The Butterflies of Zaromb

I remember my first trip to Europe my junior year in high school, when I spotted some cows from our luxury motor bus as we toured from Luxembourg to Trier, Germany. It hit me that the cows would not understand English.

Standing here before the town, I cannot believe I’ve come this far. I wish I had been able to make the trip before my mother died. To physically stand in the place my grandfather left overwhelms me. How many American Jews with roots in this place have stood here?

Before long we bump along a macadamized lane towards the square. My brain rambles: this is it, this is it, this is it. The place I have imagined for so long splays before me. I will see the square and the Brok River, and maybe if I’m lucky, evidence of my grandfather in some way.

We come into the square and turn left at the end.

This is pretty much the whole town. A market square and four streets, like a wagon wheel with four spokes. Now this is a shtetl. Where it could have housed so many people before the war, I cannot say.

I am in Zaromb. As black and white as Ostrów Mazowiecka seemed to me, that’s how colorful Zaromb is.

This is the place where my grandfather studied to become a rabbi, where an older sister and younger brother succumbed to cholera in 1899. There had been Yankel Dovid, Icek, Chaja Pesia, Moishe Aron—all older than my grandfather. Younger were Judka and Faygel. Yankel Dovid was 20 years older and Isaak 17 years older than my grandfather. Faygel was three years younger.

Zaromb is the place Yankel Dovid left when the Soviets took over the village in 1939. He went east to Uzbekhistan-Bukhara and eventually to Israel.

Zaromb is the place Icek left to run a cleaning business in Ostrów Mazowiecka. Ostrova fell under Nazi rule in 1939. He and his family were murdered.

Zaromb is the place Moishe Aron—whom my mother called Masharin, merging his two names—left in 1926 to come to America through Canada, because U.S. immigration restricted direct entry after 1924. He kept the name Pryzant and lived with his family in the Bronx. My grandfather, fearing the name Pryzant sounded too much like the English, “prison,” changed his name to Perlman.

My great-grandfather Yossel Chaim disowned my grandfather because he had the chutzpah to leave, and by so doing, taking away his father’s dream of having a rabbi in the family. Although my grandfather read the Yiddish daily newspaper, Forvarts, every day and belonged to the Zaromber landsmannschaft—a society of immigrants formerly from the town—he never entered an American shul and shunned anything religious. His mother and sister Faygel were forbidden to have any contact with him. All news must have traveled through Masharin.

We park in front of Jasio’s house. A single red rose bush behind the picket fence shoots out against the starkness of the white stucco house. Ryszard and Jasio slap each other on the back. Jasio, dressed in a white dress shirt with tie and a gray V-neck sweater, zips up his jacket. He is all business, and he and Ania confer. He then leads us up Czyżewska Street about ten steps and stops. I’m probably the first Jew he’s seen since the war. I wonder what memories that dredges up for him. I wonder what burdens he carries as the only person left in Zaromb who remembers.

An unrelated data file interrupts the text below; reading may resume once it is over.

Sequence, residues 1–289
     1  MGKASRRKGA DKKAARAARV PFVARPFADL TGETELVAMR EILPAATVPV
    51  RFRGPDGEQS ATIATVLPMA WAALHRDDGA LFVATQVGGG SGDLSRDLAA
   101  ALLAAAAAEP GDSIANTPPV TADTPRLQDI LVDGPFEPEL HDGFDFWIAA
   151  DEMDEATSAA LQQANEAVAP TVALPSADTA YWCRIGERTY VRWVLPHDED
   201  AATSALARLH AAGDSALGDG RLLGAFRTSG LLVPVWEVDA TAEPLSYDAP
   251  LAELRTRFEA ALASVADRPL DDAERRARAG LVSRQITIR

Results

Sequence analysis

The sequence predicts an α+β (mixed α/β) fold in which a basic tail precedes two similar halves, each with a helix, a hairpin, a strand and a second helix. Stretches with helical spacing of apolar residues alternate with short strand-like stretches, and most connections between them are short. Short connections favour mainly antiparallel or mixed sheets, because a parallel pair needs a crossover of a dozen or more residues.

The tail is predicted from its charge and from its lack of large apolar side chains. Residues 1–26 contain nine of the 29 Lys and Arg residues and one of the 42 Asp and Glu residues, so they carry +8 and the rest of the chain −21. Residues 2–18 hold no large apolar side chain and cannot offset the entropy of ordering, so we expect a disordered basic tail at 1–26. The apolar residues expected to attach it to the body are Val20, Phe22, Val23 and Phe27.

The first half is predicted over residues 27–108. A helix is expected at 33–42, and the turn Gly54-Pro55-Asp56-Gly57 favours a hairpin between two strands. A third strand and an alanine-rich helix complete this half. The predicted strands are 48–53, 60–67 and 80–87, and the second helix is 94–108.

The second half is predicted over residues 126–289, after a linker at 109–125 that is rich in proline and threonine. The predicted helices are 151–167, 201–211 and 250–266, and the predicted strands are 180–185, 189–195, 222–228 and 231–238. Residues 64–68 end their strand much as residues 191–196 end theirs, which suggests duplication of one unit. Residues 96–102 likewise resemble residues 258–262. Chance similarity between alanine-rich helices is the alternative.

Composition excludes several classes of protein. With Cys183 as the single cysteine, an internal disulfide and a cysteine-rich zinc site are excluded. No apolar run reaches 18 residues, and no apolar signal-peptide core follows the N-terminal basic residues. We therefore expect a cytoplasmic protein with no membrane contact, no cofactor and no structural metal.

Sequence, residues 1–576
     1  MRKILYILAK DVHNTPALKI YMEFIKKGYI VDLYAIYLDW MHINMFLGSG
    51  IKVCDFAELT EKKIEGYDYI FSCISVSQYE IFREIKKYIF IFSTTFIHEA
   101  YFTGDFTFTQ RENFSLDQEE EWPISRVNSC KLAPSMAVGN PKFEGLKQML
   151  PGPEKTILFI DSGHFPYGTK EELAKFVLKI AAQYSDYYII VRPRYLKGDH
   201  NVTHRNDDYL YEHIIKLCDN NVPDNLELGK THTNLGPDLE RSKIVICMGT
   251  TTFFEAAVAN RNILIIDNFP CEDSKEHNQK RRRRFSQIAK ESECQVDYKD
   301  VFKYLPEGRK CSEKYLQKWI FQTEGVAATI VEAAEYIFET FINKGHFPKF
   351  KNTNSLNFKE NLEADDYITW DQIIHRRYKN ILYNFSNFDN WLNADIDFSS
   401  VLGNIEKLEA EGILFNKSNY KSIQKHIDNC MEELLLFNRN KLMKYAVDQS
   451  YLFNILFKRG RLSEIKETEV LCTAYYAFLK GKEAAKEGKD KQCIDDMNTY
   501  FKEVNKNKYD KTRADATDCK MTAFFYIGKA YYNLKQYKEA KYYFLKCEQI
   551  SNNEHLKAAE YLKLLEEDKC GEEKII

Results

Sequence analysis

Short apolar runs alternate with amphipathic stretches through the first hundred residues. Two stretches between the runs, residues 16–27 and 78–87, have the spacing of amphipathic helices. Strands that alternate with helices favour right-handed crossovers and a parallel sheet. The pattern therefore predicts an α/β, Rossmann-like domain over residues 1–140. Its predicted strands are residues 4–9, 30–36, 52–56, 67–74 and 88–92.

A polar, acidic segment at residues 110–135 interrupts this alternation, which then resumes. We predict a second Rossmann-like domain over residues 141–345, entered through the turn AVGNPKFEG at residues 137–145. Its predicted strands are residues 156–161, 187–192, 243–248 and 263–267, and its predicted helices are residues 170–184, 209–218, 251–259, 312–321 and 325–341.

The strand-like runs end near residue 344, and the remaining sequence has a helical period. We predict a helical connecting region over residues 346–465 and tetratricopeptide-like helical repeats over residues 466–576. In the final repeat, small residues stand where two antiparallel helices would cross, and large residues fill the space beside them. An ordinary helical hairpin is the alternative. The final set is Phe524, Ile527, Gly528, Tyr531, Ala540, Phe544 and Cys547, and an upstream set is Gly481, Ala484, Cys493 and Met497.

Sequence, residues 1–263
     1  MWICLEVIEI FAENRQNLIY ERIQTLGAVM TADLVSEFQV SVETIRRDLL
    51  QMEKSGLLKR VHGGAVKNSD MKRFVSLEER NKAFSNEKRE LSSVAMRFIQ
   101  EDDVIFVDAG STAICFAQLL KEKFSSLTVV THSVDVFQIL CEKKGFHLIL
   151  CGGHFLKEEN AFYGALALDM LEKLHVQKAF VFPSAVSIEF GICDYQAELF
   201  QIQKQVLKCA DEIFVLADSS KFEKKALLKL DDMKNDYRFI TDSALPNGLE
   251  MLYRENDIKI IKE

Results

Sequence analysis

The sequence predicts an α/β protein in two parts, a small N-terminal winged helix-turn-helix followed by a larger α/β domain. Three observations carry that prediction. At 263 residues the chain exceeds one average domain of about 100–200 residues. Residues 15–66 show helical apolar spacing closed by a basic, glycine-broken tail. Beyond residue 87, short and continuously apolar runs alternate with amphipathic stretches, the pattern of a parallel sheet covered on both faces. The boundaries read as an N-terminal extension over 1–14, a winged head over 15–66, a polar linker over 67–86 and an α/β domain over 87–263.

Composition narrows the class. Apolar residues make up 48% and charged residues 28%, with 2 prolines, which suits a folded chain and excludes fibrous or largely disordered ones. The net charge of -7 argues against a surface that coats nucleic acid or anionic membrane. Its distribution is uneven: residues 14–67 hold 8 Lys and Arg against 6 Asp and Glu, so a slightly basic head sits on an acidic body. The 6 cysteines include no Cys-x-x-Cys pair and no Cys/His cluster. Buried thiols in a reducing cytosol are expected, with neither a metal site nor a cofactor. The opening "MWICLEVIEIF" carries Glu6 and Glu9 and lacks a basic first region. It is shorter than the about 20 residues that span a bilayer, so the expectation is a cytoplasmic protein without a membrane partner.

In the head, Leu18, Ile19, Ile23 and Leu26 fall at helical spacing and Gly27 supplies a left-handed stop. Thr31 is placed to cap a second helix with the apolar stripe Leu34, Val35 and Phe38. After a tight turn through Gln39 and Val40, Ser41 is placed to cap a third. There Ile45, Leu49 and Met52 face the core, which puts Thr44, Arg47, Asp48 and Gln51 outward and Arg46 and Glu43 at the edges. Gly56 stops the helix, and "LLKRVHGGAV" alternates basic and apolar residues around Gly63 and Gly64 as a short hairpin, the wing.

“Across the street,” he says, pointing to a vacant lot with a decrepit wooden fence missing several slats and shrubbery grown to colossal proportion, “was the synagogue. It was big and made of red brick.”

Its image comes to my mind’s eye. The memorial book described the building. I could see the lights burning through the large, sky-high stained-glass windows, could hear the prayers and songs. Inside there would have been large leonine structures guarding the Torah ark. I am sure it was full of splendor, a beacon of hope in this poverty-stricken, one-streetlight hick town.

Jasio turns to face the opposite side of the street. “This is where the new synagogue was built. When the old one burned, before the Nazis, the Jews built another. And behind that were the bathhouse and the Jewish bakery.”

I stare at the building, imagining scurrying kerchiefed and wigged women. The thrill and anticipation of the Sabbath. The scent of freshly baked bread. I wonder how Jasio feels now, recalling a time when Zaromb was full of life and color.  I take copious notes in my journal.

We move into the square, the rynek. He halts at the top of it, near the directional sign that says, “Ostrów Maz 18,” 18 kilometers or about 11 miles. St. Stanislaw Church hides behind a veil of trees just beyond the square. Jasio turns to face the square and points:

“Here was Velvel Kilovich’s fish store. Then there was Lev Frydman’s barber shop, the police station and the jail, a shop for soap, and a shop for herring along one side and the Folkshule, drug store, inn, and butcher shop on the other. There were ten Jewish butchers.”

He recites this as if these buildings and businesses still stand. I recall a photo from the yizkor book of a wider square on Wednesday, Market Day, full of long-coated men, white-kerchiefed women, and horse-drawn wagons brimming with all sorts of wares, parked before ramshackle, rickety wooden structures.